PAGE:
Charles Lindbergh Jr., the twenty-month-old son of aviation hero Charles Lindbergh, is kidnapped from the family's new mansion in Hopewell, New Jersey. Lindbergh, who had become famous around the world five years earlier when he flew The Spirit of St. Louis across the Atlantic, and his wife Anne discovered a ransom note in their child's empty room. The kidnapper had used a ladder to climb up to the open second-floor window and had left muddy footprints in the room.
The ransom note demanded $50,000 in barely literate English. The crime captured the attention of the entire nation. The Lindbergh family was inundated by offers of assistance and false clues. Even Al Capone offered his help from prison. For three days, investigators had found nothing and there was no further word from the kidnappers. Then, a new letter showed up, this time demanding $70,000.
Dr. Condon, a retired teacher and coach from the Bronx who had volunteered, acted as the go-between. After Condon and Lindbergh delivered the ransom money on April 2, the kidnappers indicated that little baby Charles was on a boat called Nelly off the coast of Massachusetts. However, after an exhaustive search of every port, there was no sign of either the boat or the child.
Soon after, a renewed search of the area near the Lindbergh mansion turned up the baby's body. He had been killed the night of the kidnapping and was found less than a mile from the home. The heartbroken Lindberghs ended up donating the home to charity and moved away.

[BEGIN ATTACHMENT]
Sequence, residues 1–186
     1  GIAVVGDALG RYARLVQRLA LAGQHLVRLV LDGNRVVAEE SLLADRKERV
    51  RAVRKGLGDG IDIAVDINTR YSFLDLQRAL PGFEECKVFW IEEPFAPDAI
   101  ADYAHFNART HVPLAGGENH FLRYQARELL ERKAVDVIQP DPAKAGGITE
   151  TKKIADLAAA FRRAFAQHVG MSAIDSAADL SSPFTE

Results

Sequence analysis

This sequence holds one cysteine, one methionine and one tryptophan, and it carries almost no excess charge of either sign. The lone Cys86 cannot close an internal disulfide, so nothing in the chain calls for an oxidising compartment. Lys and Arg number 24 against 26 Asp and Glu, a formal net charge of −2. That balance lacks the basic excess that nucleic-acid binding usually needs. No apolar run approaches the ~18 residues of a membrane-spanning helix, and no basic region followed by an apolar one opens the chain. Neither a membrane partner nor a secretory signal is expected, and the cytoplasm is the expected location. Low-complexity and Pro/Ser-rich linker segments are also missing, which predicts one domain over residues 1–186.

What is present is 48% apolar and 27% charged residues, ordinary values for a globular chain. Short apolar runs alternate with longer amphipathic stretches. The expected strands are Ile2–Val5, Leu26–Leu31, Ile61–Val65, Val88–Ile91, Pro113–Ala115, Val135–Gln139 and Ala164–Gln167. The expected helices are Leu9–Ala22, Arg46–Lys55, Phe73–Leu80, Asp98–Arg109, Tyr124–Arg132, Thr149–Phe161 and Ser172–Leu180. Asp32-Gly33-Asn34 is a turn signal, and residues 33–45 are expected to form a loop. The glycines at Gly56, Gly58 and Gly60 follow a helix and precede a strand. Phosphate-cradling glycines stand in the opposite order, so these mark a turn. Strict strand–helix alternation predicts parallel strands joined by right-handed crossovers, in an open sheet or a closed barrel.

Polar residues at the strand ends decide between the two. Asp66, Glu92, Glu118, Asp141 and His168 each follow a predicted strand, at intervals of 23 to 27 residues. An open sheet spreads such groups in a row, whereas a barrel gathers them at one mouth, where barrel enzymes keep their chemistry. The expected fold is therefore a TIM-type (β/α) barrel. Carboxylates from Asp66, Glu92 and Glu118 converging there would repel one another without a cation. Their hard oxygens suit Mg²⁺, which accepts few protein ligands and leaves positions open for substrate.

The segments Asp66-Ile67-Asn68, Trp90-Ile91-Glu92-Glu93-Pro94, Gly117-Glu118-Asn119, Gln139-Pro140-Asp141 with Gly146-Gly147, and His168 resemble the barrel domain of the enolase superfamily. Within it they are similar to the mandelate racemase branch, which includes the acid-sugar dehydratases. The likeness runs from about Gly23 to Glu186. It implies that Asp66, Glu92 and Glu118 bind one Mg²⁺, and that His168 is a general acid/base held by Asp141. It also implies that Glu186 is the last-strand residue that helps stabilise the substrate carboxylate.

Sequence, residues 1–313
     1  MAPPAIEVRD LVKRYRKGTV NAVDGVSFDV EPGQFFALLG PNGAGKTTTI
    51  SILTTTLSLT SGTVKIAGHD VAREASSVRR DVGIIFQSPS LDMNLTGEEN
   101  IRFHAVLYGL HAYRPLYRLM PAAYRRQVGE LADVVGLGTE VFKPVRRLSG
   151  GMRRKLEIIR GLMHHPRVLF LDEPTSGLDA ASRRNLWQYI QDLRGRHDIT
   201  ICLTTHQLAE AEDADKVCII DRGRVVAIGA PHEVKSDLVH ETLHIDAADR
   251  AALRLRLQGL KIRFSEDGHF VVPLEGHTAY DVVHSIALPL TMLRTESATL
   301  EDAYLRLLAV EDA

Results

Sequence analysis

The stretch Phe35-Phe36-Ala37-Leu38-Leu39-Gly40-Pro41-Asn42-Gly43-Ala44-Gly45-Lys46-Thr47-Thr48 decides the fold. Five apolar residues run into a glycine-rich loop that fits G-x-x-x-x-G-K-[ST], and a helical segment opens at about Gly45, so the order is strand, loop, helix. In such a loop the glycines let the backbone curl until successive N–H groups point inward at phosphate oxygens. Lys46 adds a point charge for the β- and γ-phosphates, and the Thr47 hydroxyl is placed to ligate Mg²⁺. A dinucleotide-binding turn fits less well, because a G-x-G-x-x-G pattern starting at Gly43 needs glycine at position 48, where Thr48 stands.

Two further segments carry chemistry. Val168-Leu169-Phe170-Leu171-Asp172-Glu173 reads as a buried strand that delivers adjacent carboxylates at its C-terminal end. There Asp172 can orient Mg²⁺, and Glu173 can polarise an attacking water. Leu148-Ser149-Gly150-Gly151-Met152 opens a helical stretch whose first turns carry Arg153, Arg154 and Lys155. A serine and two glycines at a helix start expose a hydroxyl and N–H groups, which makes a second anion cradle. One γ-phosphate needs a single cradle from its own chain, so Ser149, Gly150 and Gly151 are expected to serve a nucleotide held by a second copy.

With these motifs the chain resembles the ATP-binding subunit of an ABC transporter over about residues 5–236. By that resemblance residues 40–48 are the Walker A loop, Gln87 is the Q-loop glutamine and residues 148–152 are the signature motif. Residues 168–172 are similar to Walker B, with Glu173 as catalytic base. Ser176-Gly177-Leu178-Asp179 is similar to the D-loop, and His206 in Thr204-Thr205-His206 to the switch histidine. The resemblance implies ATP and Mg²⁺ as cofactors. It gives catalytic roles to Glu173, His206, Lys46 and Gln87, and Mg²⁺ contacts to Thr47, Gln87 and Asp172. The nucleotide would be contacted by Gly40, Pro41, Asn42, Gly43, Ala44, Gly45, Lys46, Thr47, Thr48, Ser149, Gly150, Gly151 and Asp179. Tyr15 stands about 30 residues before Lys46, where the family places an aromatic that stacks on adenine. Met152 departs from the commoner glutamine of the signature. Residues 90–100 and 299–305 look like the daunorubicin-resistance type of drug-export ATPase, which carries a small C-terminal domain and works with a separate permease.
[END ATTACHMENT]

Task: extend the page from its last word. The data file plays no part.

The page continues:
The kidnapping looked like it would go unsolved until September 1934, when a marked bill from the ransom turned up. The gas station attendant who had accepted the bill wrote down the license plate number because he was suspicious of the driver. It was tracked back to a German immigrant, Bruno Hauptmann. When his home was searched, detectives found $14,000 of Lindbergh ransom money.
Hauptmann claimed that a friend had given him the money to hold and that he had no connection to the crime. The resulting trial again was a national sensation. Famous writers Damon Runyan and Walter Winchell covered the trial. The prosecution's case was not particularly strong. The main evidence, apart from the money, was testimony from handwriting experts that the ransom note had been written by Hauptmann and his connection with the type of wood that was used to make the ladder.
Still, the evidence and intense public pressure was enough to convict Hauptmann. In April 1936 he was executed in the electric chair. The episode had one other major consequence. Kidnapping was made a federal crime in the aftermath of this high-profile crime. The FBI's jurisdiction over kidnapping remains to this day.